The past six months have been an exhilarating ride for us at Box UK; as well as our exciting client work we’ve been recognised for our expertise by leading industry bodies in a number of awards ceremonies. In November we were elected as medallists in the IT Employer of the Year category at the UK IT Industry Awards, and in January our app for the iPad UI Sketcher was voted Highly Commended at the Econsultancy Innovation awards . Most recently, we’ve been named Official Honorees at the Webbys.
Having completed the entries for all of the above, it’s fair to say I know a bit about writing award submissions by now (and I may have practised the odd acceptance speech or two when no-one’s around). Despite what some ‘gurus’ may tell you there’s no guaranteed formula for success. However, from my own experience I believe there are a few key points to bear in mind to increase your chance of making it on to the shortlist.
When you start looking for awards, you’ll quickly realise how many there are out there. In fact you may question whether it’s worth entering at all, when everyone seems to have a title to their name. I think, though, it’s unwise to dismiss what could be a key differentiator for your company; particularly in the B2B sector where proof of your ability to deliver can be a highly valuable asset.
There are two qualities that make awards worth entering: relevance and status. Which awards have these depends on your specific needs, but it’s important that the award you choose to enter has at least one of the two. And if it combines them, well, it would just be silly not to enter, wouldn’t it?
Once you’ve found the award for you, you should find out everything you can about it. Key things I look out for include previous winners (to check you’re applying for the most appropriate award), the judging panel (so you know who you’re talking to), and most importantly the award criteria (so you know what information to provide).
Understanding these key things should reveal the tone you need to adopt. Should your entry be highly technical, or focused on the ends rather than the means? Is industry jargon acceptable? It’s also crucial to take a step back and look at your entry through the judges’ eyes. They could well know little or nothing about you outside of what you’ve written, so be sure to give context where necessary.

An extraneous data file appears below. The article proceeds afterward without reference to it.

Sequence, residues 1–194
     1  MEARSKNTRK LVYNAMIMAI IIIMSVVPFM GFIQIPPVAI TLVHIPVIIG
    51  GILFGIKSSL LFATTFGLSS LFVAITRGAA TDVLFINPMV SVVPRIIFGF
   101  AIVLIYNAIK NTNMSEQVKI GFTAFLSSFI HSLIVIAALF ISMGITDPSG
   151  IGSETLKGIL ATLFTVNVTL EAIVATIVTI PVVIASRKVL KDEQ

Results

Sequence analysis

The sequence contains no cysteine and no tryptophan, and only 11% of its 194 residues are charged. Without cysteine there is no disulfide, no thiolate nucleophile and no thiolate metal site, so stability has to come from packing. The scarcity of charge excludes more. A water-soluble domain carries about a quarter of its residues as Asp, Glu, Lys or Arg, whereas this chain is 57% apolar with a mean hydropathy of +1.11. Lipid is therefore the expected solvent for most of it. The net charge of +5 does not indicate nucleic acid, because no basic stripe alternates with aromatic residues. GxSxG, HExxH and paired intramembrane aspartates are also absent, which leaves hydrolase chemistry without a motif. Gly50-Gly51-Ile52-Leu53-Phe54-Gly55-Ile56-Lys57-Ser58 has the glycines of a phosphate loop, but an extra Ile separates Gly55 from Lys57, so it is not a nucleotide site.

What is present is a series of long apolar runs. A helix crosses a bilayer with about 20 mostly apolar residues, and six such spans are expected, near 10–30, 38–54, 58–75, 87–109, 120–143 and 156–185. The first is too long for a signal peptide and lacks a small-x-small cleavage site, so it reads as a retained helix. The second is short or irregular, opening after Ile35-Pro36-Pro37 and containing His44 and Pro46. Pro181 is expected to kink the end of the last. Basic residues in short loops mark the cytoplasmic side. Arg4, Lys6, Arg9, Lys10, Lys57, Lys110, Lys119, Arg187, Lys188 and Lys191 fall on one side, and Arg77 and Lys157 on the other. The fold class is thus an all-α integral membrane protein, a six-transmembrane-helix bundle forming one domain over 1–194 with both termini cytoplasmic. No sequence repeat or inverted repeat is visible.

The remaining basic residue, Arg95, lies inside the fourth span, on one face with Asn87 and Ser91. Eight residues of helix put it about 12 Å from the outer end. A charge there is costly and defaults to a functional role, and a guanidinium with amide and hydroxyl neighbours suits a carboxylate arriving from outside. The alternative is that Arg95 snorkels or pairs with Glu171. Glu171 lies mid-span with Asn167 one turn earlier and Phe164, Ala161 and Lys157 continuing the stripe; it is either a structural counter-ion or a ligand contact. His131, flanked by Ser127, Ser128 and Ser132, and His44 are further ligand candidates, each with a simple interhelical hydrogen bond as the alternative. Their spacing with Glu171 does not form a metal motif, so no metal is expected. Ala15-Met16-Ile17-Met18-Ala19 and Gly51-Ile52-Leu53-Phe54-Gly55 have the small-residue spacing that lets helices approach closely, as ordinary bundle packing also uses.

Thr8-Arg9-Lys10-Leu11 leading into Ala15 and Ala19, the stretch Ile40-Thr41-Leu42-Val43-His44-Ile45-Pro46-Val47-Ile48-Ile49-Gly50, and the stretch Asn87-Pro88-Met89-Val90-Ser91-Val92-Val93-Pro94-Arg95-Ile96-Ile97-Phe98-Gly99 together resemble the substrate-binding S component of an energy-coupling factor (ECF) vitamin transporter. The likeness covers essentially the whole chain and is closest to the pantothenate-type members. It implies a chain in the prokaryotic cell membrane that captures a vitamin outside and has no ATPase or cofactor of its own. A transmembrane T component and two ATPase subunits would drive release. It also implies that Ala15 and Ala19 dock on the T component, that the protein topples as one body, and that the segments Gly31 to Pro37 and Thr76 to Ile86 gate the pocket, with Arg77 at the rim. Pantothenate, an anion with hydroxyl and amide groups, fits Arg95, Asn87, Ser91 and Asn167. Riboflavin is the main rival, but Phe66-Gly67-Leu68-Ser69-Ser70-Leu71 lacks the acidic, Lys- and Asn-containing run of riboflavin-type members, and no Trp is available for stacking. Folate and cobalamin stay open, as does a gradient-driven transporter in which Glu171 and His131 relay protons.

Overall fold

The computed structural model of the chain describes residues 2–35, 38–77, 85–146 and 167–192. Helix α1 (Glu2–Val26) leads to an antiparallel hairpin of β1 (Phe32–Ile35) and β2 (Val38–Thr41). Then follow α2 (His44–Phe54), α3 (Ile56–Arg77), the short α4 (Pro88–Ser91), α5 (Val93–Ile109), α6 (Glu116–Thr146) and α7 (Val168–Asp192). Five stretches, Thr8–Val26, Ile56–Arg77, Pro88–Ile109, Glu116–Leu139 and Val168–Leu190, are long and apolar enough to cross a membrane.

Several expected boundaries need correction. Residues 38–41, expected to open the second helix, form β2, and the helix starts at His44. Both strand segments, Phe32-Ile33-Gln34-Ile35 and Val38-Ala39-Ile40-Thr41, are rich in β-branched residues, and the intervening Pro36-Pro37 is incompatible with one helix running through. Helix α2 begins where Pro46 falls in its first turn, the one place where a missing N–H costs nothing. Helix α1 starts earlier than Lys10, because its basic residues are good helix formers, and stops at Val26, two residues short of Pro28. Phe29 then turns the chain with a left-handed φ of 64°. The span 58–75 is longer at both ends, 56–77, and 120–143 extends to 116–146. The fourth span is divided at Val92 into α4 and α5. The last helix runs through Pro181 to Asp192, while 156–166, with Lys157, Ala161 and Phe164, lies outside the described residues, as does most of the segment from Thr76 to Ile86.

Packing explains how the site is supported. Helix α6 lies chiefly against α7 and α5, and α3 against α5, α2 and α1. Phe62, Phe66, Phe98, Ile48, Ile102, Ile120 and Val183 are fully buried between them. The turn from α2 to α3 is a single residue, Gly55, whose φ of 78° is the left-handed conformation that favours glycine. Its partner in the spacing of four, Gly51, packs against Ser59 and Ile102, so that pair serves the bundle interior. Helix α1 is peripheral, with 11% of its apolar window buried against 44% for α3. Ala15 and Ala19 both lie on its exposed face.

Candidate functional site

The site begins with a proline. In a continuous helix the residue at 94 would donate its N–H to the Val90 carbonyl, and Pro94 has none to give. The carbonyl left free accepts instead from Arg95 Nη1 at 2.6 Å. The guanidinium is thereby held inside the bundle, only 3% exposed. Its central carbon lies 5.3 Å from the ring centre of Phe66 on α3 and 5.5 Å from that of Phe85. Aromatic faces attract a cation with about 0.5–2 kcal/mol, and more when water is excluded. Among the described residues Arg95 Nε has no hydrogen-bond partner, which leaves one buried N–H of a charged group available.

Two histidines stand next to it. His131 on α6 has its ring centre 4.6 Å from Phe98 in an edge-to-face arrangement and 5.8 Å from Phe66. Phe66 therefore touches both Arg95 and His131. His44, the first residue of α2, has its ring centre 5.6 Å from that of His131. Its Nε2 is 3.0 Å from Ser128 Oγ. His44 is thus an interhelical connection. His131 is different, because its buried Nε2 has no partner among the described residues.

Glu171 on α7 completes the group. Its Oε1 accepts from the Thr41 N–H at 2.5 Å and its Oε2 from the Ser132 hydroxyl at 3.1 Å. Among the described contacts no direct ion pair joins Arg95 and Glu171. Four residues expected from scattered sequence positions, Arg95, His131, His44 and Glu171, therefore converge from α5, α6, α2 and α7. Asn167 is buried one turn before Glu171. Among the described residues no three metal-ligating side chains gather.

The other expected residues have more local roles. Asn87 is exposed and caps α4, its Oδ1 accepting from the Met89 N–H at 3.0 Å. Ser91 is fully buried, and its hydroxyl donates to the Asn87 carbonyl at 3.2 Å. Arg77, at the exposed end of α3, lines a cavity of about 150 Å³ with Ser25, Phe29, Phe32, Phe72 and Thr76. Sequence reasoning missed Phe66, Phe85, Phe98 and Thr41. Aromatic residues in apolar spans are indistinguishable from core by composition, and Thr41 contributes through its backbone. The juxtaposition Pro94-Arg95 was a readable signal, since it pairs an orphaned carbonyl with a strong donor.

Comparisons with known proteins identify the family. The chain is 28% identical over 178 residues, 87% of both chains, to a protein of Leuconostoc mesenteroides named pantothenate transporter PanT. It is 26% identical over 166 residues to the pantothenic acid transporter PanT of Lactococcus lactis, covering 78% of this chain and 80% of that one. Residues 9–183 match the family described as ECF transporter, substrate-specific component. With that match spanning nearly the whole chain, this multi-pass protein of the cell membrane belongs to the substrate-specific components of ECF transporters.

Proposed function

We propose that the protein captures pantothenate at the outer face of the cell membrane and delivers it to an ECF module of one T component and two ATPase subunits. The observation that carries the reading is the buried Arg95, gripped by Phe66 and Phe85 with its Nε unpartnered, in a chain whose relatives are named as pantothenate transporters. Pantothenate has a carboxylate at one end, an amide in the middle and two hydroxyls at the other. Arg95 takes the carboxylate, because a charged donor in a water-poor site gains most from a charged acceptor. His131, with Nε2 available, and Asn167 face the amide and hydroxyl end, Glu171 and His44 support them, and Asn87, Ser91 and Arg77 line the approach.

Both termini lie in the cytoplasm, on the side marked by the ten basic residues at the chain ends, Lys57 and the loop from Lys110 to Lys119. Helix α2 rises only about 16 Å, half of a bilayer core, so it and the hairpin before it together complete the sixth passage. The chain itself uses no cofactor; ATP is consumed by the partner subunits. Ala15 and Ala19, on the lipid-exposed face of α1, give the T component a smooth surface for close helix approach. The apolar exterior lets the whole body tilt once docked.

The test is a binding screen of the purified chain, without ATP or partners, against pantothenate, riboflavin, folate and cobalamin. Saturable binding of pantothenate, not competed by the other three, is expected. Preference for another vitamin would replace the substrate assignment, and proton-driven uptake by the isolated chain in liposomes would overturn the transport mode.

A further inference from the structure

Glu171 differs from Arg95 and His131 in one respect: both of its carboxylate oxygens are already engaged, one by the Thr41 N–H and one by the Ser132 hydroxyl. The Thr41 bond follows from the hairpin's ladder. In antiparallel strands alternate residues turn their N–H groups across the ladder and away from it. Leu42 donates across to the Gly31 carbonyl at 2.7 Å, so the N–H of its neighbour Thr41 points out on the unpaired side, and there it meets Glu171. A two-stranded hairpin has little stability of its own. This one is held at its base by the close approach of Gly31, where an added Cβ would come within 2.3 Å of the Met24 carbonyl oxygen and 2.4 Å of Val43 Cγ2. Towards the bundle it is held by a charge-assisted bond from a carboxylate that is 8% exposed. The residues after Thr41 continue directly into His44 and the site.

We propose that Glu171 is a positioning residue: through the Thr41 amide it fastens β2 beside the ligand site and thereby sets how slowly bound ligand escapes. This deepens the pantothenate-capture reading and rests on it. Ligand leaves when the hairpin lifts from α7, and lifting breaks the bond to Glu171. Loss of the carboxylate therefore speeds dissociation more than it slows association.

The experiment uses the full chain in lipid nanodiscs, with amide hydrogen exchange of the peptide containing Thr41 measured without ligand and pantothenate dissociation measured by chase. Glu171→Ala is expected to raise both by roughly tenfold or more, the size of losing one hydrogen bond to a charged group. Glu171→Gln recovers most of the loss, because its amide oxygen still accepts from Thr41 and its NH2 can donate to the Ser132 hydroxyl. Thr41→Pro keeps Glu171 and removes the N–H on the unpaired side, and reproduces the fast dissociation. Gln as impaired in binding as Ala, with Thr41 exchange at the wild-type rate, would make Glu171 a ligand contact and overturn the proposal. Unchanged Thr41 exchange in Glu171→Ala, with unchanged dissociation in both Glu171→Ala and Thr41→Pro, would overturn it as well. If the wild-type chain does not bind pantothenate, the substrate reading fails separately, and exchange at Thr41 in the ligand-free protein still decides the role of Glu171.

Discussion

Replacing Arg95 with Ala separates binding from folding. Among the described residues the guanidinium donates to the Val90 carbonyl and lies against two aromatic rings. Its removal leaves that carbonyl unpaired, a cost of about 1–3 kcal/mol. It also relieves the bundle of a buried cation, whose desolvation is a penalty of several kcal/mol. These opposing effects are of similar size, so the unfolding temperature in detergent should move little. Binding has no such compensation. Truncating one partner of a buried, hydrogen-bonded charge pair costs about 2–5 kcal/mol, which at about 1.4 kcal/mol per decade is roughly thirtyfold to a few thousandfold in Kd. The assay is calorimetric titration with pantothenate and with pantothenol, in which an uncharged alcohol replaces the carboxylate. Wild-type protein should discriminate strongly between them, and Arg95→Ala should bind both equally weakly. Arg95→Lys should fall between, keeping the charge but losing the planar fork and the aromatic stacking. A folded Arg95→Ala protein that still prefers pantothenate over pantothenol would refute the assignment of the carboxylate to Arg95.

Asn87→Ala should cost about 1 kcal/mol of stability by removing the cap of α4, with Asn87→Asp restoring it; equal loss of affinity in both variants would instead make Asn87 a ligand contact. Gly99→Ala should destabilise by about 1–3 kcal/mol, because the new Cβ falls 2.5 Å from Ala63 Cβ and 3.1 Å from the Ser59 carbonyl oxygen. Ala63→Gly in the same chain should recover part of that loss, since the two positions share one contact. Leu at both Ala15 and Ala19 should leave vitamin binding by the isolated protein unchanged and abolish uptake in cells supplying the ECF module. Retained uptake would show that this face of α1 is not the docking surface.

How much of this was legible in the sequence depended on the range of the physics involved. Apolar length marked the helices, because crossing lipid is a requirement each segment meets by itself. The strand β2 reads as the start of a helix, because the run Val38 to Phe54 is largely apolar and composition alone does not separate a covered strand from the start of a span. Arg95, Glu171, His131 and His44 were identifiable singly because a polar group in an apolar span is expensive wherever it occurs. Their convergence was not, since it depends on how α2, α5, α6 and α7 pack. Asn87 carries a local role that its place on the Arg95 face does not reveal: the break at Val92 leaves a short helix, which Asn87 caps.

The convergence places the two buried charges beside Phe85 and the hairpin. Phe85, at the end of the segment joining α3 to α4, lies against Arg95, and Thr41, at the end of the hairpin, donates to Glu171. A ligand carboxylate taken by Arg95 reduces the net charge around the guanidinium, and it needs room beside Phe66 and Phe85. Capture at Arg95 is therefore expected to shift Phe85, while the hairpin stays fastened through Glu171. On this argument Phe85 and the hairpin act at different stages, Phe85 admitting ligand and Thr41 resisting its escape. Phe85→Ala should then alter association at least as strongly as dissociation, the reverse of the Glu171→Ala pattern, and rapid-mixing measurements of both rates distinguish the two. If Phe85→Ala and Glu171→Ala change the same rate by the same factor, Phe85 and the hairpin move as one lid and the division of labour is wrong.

Since you’ve got this far through the post, you might be familiar with the basics of marketing, in particular the famous marketing adage ‘features tell, benefits sell’. Well, this is also true when writing award entries; don’t just list the facts and figures, show the judge how you’ve benefitted the user. Engage the judges with examples, backed up by customer references if appropriate (now is the time to get back in touch with those key client contacts!). Despite what you may have heard, judges do live in the real world; they probably want to see how you operate in the real world too, not just what you ‘could’ do.
It’s also important to emphasise how the benefits you provide are individual to you, or how you fill a gap in the market. When writing entries showcasing our app UI Sketcher, I was sure to highlight the purpose of the tool; helping UX designers generate good ideas fast. Once this was established, it was much easier to explore what helps users achieve that specific goal. Like great musicians (and Lady GaGa), you should have a ‘hook’ that ensures you stick in the judge’s minds.
Award entries will often have strict word limits imposed on them. A reason for this (which people often overlook) is that it’s impressive to convey your message succinctly. It’s also more difficult – a look around some poorly-written websites will tell you that.
So, how do you get your key points across before the judges lose interest? It may be the English graduate in me speaking, but I find that the best way to do this is by using a simple rule most of us were taught at school: make sure you answer the question. Writing for marketing is a unique skill, but just as your teacher told you to relate every reference and argument back to the question, try and make sure everything you say in your entry demonstrates what the judge is asking for. Whether this is your innovation, superior customer service or eco-friendly credentials, make sure each point supports and furthers your argument.
Writing a successful award entry differs from most other forms of writing. However it’s a skill that can be mastered with experience, and by following some simple rules. Hopefully the advice in this article will help you write a clear, concise entry and secure a place on the shortlist.
As a final thought, I want to emphasise that award entry writing is not some magic trick or tactical game (unlike voodoo monopoly): be honest, let your enthusiasm shine through, and you’re likely to make an impression.